Who Is the Serpent of Genesis 3?

By Patrick Heron




One of the stories from the book of Genesis which causes secular people to believe that the whole Bible is a mere fairy tale and a fiction, is the record in Genesis 3 regarding Adam and Eve and their encounter with the serpent. It is commonly thought that there was a snake and an apple involved and that the snake spoke to Eve tempting her to eat the apple thus causing the downfall of man. What a joke. Who could believe such a tall story?

Of course this whole mess is as a result from some taking figurative language and making it literal or taking literal language and making it figurative. Figures of speech are used in the Bible to draw attention to, to emphasize or to intensify the reality of the literal truth which is being related. For even figures of speech and parables have a literal meaning attaching to them.  Thus we must dig for the meaning of the word “serpent” to help elucidate the truth of what is being conveyed in Genesis 3.

The Hebrew word for “serpent” is nachash , which means, to hiss, mutter, enchant, to charm, to divine. It also has the connotation of to be bright or fiery serpent (see Bullinger’s Companion Bible app. 19). So to assume that we are speaking of a literal snake here is to miss the mark. To illustrate this we call to remembrance the statement of John the Baptist when he saw the Spirit descending on the Messiah for the first time.

He said, “Behold the lamb of God who takes away the sin of the world.” Now John was not looking at a little woolly animal with four legs when he uttered these immortal words. “Lamb of God” is a figure of speech referring to Jesus. In another passage, Jesus is called “the lion of the tribe of Judah.” Now we know that Jesus is neither a lion nor a lamb.  “Lion” and “lamb” are figures but they also emphasize attributes of his personality in that Jesus is as meek as a lamb but can be as bold and strong as a lion when the need arises.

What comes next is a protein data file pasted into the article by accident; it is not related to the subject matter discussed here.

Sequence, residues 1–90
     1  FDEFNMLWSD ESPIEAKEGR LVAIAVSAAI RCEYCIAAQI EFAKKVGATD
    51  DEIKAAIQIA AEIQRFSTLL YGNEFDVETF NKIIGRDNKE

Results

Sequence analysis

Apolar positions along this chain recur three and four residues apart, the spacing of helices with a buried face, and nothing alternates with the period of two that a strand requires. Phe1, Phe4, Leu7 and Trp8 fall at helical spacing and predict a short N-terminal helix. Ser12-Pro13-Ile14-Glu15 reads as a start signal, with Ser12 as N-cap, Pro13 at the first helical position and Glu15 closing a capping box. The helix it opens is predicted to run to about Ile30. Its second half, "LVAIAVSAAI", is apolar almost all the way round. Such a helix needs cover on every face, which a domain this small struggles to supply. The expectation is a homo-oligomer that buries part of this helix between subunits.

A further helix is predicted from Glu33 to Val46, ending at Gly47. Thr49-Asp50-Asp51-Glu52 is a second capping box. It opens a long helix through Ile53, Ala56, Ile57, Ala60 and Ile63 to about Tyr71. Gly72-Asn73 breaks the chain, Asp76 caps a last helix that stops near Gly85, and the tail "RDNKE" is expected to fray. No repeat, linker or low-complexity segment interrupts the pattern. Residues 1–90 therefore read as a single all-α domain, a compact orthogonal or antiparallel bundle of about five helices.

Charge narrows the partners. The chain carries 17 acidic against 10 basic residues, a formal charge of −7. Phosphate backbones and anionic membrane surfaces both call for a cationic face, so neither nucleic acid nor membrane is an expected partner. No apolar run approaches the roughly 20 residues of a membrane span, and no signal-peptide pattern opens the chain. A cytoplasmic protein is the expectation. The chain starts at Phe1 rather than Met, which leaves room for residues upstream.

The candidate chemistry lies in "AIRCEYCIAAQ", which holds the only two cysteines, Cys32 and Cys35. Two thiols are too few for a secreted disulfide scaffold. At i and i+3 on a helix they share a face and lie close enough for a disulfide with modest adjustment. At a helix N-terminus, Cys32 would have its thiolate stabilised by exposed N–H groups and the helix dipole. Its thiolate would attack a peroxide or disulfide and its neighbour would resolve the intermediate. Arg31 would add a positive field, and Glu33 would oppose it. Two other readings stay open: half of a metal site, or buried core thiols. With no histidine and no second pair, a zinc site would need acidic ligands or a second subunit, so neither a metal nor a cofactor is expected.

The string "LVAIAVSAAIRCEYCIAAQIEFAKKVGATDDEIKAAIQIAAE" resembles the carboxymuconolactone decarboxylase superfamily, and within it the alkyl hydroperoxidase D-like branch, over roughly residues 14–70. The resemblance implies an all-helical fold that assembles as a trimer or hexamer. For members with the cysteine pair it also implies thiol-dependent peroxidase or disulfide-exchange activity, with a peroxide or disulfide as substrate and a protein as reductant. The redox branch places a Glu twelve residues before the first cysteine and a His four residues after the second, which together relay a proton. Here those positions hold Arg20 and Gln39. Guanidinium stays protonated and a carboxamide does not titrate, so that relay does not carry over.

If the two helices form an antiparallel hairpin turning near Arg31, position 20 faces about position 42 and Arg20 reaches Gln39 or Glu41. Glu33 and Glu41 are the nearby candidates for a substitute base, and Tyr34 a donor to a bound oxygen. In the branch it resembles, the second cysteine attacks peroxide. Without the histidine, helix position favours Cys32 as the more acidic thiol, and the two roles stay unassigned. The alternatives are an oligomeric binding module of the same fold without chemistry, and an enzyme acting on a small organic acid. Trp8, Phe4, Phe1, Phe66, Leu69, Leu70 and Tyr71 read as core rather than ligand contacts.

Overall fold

The same figure pertains to the “serpent” of Genesis 3. We quote Revelation 12:9 here which tells us exactly who the serpent is:

“And the great dragon was cast out, that old serpent, called the Devil and Satan, which deceived the whole world: he was cast out into the world, and his angels were cast out with him.”

Just in case we are in any doubt as to who the serpent is, this truth is related again in Rev 20:2:

“And he laid hold on the dragon, that old serpent which is the Devil, and Satan, and bound him a thousand years.”

So the words “serpent” and “dragon” are again, figures of speech referring to the person of Satan who is the devil. It was he who engaged Adam and Eve in conversation that fateful day and who eventually deceived them into the sin which resulted in what is now called, the fall of man. This truth is evidenced by Paul in 2 Corinthians 11:2 which helps us define with more accuracy exactly who the serpent is: